That wraps up this week’s mini-mailbag. Now here are a handful of bullet-pointed bloviations to get you through your Monday:

• Sure, I’m curious to hear what the investigators have to say about what they think really happened the night Arturo Gatti died. But mostly, I’m sad to be thinking about this again.

• Speaking of sad, what the hell happened to Kermit Cintron? It’s not just that he seems to have hit the wall so suddenly and without a punishing fight to blame it on; it’s that he’s emerged as the least interesting fighter on the planet. As flawed as he always was, he used to be fun on several levels, whether he was landing sensational knockout blows, shaving the NBC peacock into his hair, or even diving out of the ring like Mick Foley. Now he’s just kinda hanging around. But, hey, it could be worse. He could be David Tua.

• I’ve been away from television access most Friday nights and Saturday mornings this summer, so I’m very thankful indeed for ESPN3.com. However, I can’t begin to figure out how it’s determined which clips the website is legally blocked from showing. This past Friday, they cut out Joe Tessitore’s tribute to Scott LeDoux and the audio of an ESPN Radio interview. I would have thought ESPN-owned materials would be fair game. Then again, Lennox Lewis is currently on his second premium-cable broadcasting gig, so there’s a lot I don’t understand about this business.

• When a fighter goes down and Steve Smoger doesn’t even start to count, you know it was a sensational punch. Dannie Williams made himself a prospect worth watching with a right hand that proved not all fighters named Antonio Cervantes are created equal.

• TBS’ Lopez Tonight, a talk show that frequently welcomed boxers as guests, has been cancelled due to low ratings. The lesson: All of the Americans without senses of humor are already watching Jay Leno, making it hard for other unfunny hosts to attract an audience.

• Two things very much worth watching this coming weekend: the season finale of ESPN2 Friday Night Fights, with its outstanding short-notice main event of Demetrius Andrade vs. Grady Brewer; and the return of Alfredo Angulo, which will hopefully be viewable somewhere on the internet. Solid stuff as far as the mid-August doldrums go.

• This has nothing to do with boxing, but I’m positing the theory that The Situation’s romantic affection for Snooki is an act, designed to get him more camera time this season after he slipped into a supporting role in Season Three. I’m also not going to rule out the possibility that Sitch went legally blind prior to the fourth season. (That would certainly explain why the normally image-obsessed Situation is suddenly allowing himself to appear on camera with a dead poodle stapled to his head.)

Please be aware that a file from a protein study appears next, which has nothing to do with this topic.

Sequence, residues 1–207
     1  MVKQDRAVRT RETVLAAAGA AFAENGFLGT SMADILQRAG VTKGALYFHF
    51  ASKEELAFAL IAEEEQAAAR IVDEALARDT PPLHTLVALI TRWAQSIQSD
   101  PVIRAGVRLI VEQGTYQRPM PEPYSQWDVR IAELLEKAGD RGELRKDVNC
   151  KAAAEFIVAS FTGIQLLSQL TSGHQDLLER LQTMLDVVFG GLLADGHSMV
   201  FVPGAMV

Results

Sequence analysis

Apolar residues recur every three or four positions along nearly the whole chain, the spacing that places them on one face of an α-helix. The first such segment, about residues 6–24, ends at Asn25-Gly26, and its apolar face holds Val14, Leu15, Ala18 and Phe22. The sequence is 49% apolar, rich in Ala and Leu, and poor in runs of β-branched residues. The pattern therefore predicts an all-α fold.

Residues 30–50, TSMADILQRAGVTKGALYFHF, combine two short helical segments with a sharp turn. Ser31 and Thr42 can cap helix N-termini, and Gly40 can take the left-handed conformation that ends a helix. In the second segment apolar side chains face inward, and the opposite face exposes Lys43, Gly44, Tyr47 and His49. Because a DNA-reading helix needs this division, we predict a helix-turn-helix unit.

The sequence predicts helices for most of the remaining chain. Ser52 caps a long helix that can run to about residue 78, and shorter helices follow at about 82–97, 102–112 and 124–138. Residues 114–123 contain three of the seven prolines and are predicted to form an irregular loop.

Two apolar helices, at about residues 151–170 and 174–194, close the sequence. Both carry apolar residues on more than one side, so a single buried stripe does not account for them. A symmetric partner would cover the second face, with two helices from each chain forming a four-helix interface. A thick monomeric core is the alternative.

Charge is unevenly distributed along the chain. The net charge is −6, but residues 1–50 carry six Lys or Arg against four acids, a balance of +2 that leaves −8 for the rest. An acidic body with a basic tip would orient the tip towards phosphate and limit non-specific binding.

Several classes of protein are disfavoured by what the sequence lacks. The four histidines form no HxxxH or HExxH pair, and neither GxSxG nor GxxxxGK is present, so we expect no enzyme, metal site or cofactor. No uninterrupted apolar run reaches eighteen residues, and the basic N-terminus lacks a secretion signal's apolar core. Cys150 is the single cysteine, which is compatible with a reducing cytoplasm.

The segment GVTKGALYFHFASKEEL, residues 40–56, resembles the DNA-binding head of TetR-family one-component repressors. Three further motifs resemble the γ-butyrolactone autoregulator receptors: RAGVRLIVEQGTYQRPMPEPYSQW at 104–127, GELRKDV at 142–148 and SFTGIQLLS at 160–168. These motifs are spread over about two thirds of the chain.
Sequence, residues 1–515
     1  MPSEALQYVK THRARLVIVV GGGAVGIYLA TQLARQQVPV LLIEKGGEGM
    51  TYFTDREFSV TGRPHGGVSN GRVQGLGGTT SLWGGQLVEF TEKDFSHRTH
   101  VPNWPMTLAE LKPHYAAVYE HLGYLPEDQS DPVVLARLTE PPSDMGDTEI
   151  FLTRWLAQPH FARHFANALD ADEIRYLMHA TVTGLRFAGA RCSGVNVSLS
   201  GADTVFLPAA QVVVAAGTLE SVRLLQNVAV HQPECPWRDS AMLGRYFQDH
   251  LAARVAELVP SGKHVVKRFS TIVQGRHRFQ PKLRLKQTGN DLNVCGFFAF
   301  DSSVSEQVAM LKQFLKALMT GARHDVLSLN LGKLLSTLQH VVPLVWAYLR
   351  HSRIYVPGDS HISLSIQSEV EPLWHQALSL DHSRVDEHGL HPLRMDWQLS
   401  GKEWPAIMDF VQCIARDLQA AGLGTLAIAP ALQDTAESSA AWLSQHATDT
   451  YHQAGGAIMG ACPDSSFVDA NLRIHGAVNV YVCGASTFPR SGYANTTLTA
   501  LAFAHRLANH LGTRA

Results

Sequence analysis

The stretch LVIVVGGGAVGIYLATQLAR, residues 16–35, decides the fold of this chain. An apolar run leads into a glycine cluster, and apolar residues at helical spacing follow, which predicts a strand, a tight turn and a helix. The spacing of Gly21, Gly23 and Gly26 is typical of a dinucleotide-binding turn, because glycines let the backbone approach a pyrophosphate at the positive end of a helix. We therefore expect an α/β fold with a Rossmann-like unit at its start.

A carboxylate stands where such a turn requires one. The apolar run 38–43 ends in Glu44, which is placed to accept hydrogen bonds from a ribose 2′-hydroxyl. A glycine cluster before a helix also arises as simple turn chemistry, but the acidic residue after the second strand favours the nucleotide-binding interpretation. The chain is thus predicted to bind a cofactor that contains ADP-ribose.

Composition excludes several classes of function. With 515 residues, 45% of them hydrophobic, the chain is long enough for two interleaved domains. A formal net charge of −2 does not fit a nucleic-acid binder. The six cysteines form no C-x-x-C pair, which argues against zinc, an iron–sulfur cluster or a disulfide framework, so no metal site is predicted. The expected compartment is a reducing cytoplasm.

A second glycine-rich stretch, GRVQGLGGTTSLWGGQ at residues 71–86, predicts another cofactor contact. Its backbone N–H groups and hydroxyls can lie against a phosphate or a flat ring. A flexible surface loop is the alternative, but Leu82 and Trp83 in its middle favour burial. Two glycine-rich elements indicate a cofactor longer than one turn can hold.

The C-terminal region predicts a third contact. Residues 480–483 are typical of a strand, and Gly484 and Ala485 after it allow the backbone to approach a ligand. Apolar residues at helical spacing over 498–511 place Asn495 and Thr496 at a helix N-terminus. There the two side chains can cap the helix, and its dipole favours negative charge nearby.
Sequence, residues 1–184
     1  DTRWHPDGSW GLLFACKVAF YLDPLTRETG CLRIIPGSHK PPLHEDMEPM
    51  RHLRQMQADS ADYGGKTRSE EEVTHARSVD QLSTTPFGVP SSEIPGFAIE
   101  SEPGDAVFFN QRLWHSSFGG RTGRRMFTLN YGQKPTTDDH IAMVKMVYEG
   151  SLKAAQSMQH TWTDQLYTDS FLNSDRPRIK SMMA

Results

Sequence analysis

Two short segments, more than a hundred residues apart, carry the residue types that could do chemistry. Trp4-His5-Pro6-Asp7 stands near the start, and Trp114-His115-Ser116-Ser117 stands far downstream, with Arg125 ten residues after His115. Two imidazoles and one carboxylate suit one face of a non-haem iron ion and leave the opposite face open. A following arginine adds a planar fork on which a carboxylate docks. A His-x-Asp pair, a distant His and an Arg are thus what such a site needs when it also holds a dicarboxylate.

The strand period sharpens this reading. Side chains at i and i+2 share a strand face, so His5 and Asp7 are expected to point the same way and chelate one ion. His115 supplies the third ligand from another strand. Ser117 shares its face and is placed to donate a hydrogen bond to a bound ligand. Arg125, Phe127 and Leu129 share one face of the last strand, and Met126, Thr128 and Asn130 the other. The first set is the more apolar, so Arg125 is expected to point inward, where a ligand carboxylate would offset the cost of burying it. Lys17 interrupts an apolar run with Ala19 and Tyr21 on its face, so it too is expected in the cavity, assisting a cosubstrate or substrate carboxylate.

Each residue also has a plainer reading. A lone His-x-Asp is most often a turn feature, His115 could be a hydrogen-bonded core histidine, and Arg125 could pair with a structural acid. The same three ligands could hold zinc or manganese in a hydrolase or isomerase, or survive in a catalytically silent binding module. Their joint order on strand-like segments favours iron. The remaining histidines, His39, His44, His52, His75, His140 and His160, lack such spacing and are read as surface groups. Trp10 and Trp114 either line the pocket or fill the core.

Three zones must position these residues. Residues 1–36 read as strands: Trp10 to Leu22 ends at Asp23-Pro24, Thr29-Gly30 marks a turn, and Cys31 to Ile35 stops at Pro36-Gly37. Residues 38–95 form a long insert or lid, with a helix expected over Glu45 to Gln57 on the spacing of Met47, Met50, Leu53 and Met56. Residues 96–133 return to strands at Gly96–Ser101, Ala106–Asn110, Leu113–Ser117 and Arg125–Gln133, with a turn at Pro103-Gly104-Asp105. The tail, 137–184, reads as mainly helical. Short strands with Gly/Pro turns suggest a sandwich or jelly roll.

• Look for a new episode of Ring Theory (http://ringtheory.podbean.com) this week. I’m not sure yet what topics we’ll be discussing, but I do know that you won’t hear much talk from Bill Dettloff about the volume of his footsteps.

Eric Raskin can be contacted at RaskinBoxing@yahoo.com. You can follow him on Twitter @EricRaskin and listen to new episodes of his podcast, Ring Theory, at http://ringtheory.podbean.com.

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Johnny Famechon was a Hero in Australia Where Willie Pep Had a Bad Night

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Willie Pep was good at boxing. He wasn’t so good at math. Ah, but hold the phone; we are getting ahead of ourselves. This isn’t a story about Willie Pep, but about former world featherweight champion Johnny Famechon who passed away last Thursday, Aug. 4, in Melbourne, Australia, at age 77.

Famechon was five years old when his parents left his birthplace in Paris and settled in Melbourne. He came to the fore in an era when boxing was still a mainstream sport and home-grown champions were national idols. The locals turned out in droves for the parade in Johnny’s honor when he returned to Melbourne after taking the featherweight crown from the Cuban-born Spaniard Jose Legra in a big upset at London’s Prince Albert Hall.

HeraldSun

Famechon’s Welcome Home Parade

Famechon’s first title defense came against Japan’s Fighting Harada. They met in Sydney, Australia, on July 28, 1969.

At age 26, Harada was a battle-tested veteran. He previously held world titles at flyweight and bantamweight and would be remembered as the only man to defeat the great Brazilian boxer Eder Jofre, a feat he accomplished not once, but twice.

Only two boxers in history – Bob Fitzsimmons and Henry Armstrong – had won world titles in three of the eight classic weight divisions. Harada, who entered the International Boxing Hall of Fame in 1995, was bidding to become the third.

Team Harada insisted on a neutral referee. The British promoters chose Willie Pep. A legend in the sport, Pep had previously shared a ring with another Famechon, having out-pointed Johnny’s uncle Ray Famechon in a featherweight title defense at Madison Square Garden in 1950.

Some thought that Pep would favor Fighting Harada. American referees put a higher premium on aggression than did their foreign counterparts and Harada was a little buzzsaw who rarely took a backward step. But others thought that Pep’s selection favored Famechon, an elusive counterpuncher with whom the Connecticut “Will-‘o-Wisp” could identify; their styles were similar.

Pep had been the third man in the ring for four previous title fights, three in Jamaica and one in Brazil. But this fight would be different. He would be the sole arbiter. If the fight went the full 15 rounds, Willie Pep would be the judge and jury.